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More about Jackie, the 627 lb Lady

I have been considering exactly how to respond to comments from my mom and Tonya (who is my sister).  For the most part I agree with them, but I feel the need to clarify. 

I do not believe that Jackie got herself in the car.  I’ve been around amateur filming enough to understand editing a bit.  If there had been something to uphold the message of the filmakers, that Jackie was a woman overcoming a difficult situation, then it would have been shown, even if a little snippit of it was shown.  Instead, we cut from her wailing to her profusely directly to her already being in the car and thanking her companion (a hired home helper) and the film crew.  I’ve thought about any other reason for keeping the process of her getting in the car out: could it perhaps have been too embarrassing or too far over the line?  I doubt it, for there were much more embarassing situations shown.  Even part of the process would have sufficed, and it all can’t have been over the line for there is a great deal else of her situation shown that is, well, sorry for this, but grotesque. 

Which brings me to a second point:  She didn’t happen, by chance or candid camera, to find herself in a position where people could judge.  She put herself out for our television consumption.  She allowed the cameras to film her during the operation and through the complications of her recovery. Modesty was preserved, and things were delicately said, but her dignity did not come through that ordeal intact. 

In fact, one of my biggest questions as I watched, and I did not see the whole thing, was why is she had invited the camera, and thus the English speaking public, so intimately into such a personal battle? 

There are, in fact, good answers to that question that are more worthy of being the ‘dragon’ that she slays (as opposed to getting into the car).  My sister has the part of it: we can learn from her mistakes.  Whether or not this was her intention, it is a consequence.   It does pose a question though: Are we pushing people below us when we use their problems to gain helpful knowledge?  When we see someone who struggles with a problem that they may largely be responsible for, are we judging them and being unkind by saying “Because I’ve seen you there, and I see what you did to get there, I will never do that.”?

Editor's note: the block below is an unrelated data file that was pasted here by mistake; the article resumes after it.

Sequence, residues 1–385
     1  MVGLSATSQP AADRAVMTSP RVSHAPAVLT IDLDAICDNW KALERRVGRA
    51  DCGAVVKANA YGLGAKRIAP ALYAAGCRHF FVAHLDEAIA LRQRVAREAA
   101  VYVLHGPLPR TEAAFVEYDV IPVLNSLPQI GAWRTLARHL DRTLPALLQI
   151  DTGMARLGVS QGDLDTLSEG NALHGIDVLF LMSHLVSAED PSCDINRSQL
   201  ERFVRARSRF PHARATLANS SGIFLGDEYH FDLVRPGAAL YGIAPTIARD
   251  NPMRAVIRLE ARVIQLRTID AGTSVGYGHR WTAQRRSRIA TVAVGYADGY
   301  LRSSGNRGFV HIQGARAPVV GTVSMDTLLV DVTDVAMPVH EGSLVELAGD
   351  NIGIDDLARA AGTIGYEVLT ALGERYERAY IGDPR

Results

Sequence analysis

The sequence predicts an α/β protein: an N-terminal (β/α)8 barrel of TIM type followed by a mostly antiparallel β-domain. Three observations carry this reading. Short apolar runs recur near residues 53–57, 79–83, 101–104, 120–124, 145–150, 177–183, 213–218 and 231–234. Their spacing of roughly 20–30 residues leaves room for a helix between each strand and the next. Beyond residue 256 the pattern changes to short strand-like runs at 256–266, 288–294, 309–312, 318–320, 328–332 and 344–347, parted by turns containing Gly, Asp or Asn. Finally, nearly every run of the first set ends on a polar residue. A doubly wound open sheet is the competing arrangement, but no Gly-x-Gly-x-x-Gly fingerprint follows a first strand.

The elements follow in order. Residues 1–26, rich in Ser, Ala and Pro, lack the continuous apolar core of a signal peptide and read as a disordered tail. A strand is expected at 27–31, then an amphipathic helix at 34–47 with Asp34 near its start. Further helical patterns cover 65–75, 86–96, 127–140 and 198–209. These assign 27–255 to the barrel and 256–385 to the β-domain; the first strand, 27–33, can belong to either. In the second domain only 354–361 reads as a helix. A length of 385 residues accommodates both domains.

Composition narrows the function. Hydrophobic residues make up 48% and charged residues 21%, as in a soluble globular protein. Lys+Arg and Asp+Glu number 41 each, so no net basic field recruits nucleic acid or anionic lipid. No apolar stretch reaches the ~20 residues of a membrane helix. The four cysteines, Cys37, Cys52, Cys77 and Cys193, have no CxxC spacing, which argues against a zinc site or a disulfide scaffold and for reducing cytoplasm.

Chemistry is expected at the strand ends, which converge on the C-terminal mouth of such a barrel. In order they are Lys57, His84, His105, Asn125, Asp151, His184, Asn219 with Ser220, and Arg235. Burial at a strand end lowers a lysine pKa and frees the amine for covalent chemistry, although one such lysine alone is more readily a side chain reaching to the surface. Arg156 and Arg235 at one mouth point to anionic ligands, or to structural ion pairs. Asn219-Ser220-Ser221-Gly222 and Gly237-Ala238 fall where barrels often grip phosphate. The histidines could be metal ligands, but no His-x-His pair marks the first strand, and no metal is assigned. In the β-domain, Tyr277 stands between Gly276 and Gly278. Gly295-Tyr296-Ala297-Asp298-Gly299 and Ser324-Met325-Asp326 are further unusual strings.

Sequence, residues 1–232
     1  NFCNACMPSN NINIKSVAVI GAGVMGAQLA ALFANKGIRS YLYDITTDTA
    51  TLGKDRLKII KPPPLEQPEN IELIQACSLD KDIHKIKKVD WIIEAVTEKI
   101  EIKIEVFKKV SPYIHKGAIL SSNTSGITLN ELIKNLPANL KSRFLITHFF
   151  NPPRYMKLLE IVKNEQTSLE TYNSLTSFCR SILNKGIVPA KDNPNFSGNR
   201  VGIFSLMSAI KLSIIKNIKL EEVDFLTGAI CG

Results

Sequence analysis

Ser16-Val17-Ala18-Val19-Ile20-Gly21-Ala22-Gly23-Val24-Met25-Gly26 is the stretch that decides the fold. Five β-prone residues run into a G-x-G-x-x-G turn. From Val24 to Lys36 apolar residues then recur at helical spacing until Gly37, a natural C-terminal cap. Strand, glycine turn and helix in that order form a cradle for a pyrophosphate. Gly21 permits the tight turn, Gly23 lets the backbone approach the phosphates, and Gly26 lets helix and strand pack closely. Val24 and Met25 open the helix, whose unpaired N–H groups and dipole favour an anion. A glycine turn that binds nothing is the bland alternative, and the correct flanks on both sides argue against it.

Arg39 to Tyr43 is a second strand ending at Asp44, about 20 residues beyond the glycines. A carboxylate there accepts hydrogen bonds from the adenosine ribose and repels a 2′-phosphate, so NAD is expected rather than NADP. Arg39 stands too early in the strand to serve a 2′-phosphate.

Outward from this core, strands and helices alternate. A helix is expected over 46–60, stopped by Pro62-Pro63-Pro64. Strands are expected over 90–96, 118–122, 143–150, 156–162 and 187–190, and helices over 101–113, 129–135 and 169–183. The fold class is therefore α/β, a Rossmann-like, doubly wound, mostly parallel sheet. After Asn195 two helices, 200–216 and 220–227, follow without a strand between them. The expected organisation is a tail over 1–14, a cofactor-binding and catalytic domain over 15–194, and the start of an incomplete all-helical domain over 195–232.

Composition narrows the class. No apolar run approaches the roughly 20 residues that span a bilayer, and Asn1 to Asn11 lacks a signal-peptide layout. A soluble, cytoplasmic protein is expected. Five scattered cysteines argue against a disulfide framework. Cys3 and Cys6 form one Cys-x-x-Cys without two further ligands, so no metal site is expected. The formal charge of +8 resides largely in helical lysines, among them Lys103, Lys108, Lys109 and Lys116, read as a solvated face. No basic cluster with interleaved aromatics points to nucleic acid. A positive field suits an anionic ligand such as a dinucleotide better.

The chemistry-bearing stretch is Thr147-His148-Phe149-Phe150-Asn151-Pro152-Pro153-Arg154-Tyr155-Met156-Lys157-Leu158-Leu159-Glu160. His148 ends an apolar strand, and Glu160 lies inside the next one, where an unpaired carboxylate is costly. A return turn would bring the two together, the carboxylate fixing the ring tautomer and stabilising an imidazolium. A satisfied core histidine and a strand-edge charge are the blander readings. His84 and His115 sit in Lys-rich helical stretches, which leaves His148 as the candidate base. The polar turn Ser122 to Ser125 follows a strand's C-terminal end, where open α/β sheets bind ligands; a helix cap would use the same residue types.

But there is yet another thing to be learned from this film.  They weren’t just her mistakes.   How should such a problem be dealt with by medicine?  Because one thing we are told is that throughout all the weight gain, she was under the care of doctors.

We can be sure that she was well advised on diet and exercise.  She was probably often told what she already knew: “You need to lose a few pounds.”  But as the years went by, and the problem became literally bigger and bigger, how did her doctors react?  I’m not sure.  We know that at one point, she began to lose weight, had a setback, and was diagnosed with a hernia that would not be operated on because of her weight.  Her weight gain then increased.  She began desperately searching for a doctor who would perform bariatric surgery on her and was told that she was too overweight for the procedure.  She finally found a doctor who specialized in working with such large people, and had the gastric bypass done. 

Throughout the show, the portion I watched, at least, we saw her treated well.  Perhaps it was just the cameras.  Perhaps it is her naturally good and sweet nature.  But I think it was a good example of how we should see people with similar problems treated.  

Still, no matter the good will towards her that we saw, I say that she did not recieve appropriate treatment at the hands of doctors before the events we witnessed.  I don’t want anyone to take this as doctor bashing.  This is a relatively new problem doctors and hospitals are facing.  At least, morbid obesity is no longer such a rare occurance as it once used to be.  What needs to happen is a change in how it is treated.  And that is something else this movie did: give us some things to ponder about.  I have my own ideas, but that is another post for this blog.

My point is that there was a lot to learn from this film.  She had to have known that she would be judged and perhaps ridiculed.  To bring the cameras into her life at that point was a brave venture.

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